This randomized, double-blind, placebo-controlled study found that anemia was associated with poor outcomes in patients with heart failure (HF) and reduced ejection fraction (HFrEF).
Regardless of anemia status at baseline, empagliflozin, a sodium–glucose co-transporter 2 inhibitor, reduced new-onset anemia and improved heart failure as well as kidney outcomes, supporting the clinical use of empagliflozin to correct anemia.
Anemia is a common comorbidity in patients with HF and HFrEF and is associated with lower quality of life and worse outcomes, including increased risk of fatal events.
Why This Study Matters
Recent studies have suggested that correcting anemia might not be sufficient to improve outcomes in patients with HFrEF and that the mechanism by which anemia is corrected may be more important. To shed light on the potential of empagliflozin to correct anemia, researchers investigated its impact on haematocrit as well as its ability to reduce cardiovascular mortality.
Patients in the study were enrolled in the Empagliflozin Outcome Trial in Patients with Chronic Heart Failure and a Reduced Ejection Fraction (EMPEROR-Reduced) if they had chronic HF with a left ventricular ejection fraction ≤ 40%. Study participants were randomly assigned to receive either placebo or 10 mg daily of empagliflozin in addition to their daily medications.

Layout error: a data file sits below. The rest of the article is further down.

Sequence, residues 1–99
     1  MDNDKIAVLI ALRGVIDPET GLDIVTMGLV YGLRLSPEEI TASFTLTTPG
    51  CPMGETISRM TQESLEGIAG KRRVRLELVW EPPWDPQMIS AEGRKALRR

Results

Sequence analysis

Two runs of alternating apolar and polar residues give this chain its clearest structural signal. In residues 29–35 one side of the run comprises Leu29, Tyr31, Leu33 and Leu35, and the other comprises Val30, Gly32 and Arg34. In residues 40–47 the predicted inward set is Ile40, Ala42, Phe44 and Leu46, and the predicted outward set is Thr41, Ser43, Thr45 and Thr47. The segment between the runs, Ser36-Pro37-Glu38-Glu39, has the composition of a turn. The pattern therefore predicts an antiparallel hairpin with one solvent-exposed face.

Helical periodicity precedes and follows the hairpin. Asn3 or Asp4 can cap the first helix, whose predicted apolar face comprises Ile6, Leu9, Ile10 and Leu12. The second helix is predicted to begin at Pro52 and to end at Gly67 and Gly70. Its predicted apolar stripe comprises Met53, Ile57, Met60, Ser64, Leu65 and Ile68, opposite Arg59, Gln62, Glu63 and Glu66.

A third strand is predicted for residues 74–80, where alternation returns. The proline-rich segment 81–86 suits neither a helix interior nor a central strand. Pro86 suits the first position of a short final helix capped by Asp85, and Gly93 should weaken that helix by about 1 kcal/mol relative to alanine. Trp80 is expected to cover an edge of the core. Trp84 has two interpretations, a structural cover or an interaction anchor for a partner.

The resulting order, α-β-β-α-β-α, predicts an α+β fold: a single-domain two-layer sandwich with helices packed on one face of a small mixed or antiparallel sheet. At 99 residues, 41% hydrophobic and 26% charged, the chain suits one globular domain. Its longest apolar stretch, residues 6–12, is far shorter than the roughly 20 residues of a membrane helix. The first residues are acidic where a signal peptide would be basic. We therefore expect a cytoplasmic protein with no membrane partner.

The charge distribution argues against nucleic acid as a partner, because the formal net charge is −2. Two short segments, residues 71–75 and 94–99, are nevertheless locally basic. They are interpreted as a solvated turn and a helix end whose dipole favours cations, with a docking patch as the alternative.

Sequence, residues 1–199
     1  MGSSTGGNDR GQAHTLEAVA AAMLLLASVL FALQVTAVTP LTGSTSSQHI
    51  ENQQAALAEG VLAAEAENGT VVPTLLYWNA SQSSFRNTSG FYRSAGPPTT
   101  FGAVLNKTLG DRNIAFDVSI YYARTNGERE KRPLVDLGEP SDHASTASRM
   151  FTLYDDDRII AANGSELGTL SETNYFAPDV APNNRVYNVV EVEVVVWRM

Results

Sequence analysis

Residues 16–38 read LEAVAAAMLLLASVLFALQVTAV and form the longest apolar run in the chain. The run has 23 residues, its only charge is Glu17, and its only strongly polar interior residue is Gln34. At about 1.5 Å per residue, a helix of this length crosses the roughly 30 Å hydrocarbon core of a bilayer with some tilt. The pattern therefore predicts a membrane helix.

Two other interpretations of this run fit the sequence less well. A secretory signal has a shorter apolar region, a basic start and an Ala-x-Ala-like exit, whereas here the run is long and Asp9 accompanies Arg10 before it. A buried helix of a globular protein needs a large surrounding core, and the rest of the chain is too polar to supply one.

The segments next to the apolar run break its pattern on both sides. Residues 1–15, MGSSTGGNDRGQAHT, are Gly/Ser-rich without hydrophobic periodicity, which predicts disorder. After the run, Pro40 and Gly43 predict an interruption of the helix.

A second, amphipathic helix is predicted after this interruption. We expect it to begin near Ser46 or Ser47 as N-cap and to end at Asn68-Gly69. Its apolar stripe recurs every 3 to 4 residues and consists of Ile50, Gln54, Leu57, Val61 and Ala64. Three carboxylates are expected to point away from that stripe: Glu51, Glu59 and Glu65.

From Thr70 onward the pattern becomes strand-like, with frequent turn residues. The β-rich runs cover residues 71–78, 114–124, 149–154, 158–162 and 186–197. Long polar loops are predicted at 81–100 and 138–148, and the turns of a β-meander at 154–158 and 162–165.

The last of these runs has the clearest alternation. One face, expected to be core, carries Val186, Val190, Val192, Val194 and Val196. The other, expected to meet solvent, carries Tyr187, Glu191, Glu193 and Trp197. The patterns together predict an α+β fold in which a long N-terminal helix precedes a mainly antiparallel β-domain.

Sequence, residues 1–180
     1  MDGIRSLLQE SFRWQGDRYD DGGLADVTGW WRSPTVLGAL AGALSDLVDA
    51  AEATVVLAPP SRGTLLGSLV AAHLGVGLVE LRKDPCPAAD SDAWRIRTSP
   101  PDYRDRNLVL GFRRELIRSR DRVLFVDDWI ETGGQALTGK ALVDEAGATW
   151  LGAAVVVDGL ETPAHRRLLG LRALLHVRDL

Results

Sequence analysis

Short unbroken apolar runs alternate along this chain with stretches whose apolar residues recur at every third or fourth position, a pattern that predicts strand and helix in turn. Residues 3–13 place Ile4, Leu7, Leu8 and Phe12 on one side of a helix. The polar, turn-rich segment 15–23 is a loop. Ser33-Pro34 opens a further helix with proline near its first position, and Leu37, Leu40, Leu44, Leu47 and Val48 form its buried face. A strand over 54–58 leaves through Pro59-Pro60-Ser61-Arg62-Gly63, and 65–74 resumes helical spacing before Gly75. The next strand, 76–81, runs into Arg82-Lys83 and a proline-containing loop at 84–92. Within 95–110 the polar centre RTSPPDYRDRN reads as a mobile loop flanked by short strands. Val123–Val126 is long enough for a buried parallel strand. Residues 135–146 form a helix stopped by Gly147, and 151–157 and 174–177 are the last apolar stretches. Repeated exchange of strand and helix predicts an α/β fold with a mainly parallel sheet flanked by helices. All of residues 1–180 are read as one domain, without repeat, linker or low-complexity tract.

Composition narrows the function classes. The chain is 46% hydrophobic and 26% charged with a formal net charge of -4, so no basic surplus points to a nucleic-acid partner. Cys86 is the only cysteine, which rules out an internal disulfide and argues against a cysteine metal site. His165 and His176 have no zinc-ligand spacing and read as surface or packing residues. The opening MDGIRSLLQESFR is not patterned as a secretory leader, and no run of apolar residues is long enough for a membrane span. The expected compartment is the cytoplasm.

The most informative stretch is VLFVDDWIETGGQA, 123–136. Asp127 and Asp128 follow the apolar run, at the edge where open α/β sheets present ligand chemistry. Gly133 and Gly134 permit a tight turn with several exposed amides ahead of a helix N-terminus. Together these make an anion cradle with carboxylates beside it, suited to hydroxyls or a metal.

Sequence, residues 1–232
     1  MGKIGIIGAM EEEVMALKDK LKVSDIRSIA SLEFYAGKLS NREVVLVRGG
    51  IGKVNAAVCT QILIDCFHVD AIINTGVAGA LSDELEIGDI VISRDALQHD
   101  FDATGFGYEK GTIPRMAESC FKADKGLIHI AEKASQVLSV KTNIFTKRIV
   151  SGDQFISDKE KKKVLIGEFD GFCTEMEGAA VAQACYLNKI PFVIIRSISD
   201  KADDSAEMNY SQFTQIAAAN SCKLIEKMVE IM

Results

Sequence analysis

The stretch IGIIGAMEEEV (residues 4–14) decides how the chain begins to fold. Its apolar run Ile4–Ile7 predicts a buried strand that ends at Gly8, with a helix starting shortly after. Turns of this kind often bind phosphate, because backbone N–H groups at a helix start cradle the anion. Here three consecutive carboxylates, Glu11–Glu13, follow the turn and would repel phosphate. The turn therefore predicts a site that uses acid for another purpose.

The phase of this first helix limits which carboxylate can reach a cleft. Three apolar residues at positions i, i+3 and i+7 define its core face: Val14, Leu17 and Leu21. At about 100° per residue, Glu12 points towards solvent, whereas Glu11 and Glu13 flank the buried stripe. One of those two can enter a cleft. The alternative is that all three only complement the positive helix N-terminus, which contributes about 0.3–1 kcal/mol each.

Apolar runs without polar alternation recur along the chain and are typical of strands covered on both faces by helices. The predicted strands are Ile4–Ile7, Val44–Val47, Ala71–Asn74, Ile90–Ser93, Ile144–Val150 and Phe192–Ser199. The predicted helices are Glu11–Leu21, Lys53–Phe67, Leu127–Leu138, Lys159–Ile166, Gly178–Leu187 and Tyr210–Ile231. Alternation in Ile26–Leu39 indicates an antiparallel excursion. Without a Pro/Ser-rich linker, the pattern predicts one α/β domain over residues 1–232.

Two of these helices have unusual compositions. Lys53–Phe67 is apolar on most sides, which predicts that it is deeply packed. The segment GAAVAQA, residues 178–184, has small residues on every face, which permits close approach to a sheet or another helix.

The primary endpoint of the study was the composite endpoint of cardiovascular death or hospitalization for HF and was analyzed as the time to first event. Hematocrit and hemoglobin were measured at baseline as well as during follow-up visits and anemia was defined by hematocrit levels <39% in men or <36% in women.
Results and Conclusions
The presence of anemia was associated with an increased risk of cardiovascular and all-cause mortality as well as total HF hospitalizations and worse kidney outcomes.
In comparison to the placebo group, empagliflozin led to a rapid increase in hematocrit and hemoglobin levels and reduced the percentage of patients with anemia, with a difference of 8.5% at week 52.
Similarly, empagliflozin led to a reduction in the number of patients with new-onset anemia, with 22.6% of participants in the placebo group developing anemia during follow-up compared to 12.3% in the empagliflozin group. Regardless of anemia status at baseline, empagliflozin improved HF and kidney outcomes.
Consider these findings from similar research studies:
In patients with iron deficiency, treatment with ferric carboxymaltose reduced risk of hospitalization due to heart failure but had no effect on risk of cardiovascular death (Source).
Empagliflozin reduced risk of cardiovascular death or hospitalization for heart failure, irrespective of diabetes status (Source).
Ferreira JP, Anker SD, Butler J, et al. Impact of anaemia and the effect of empagliflozin in heart failure with reduced ejection fraction: findings from EMPEROR‐ Reduced. European J of Heart Fail. Published online January 9, 2022:ejhf.2409.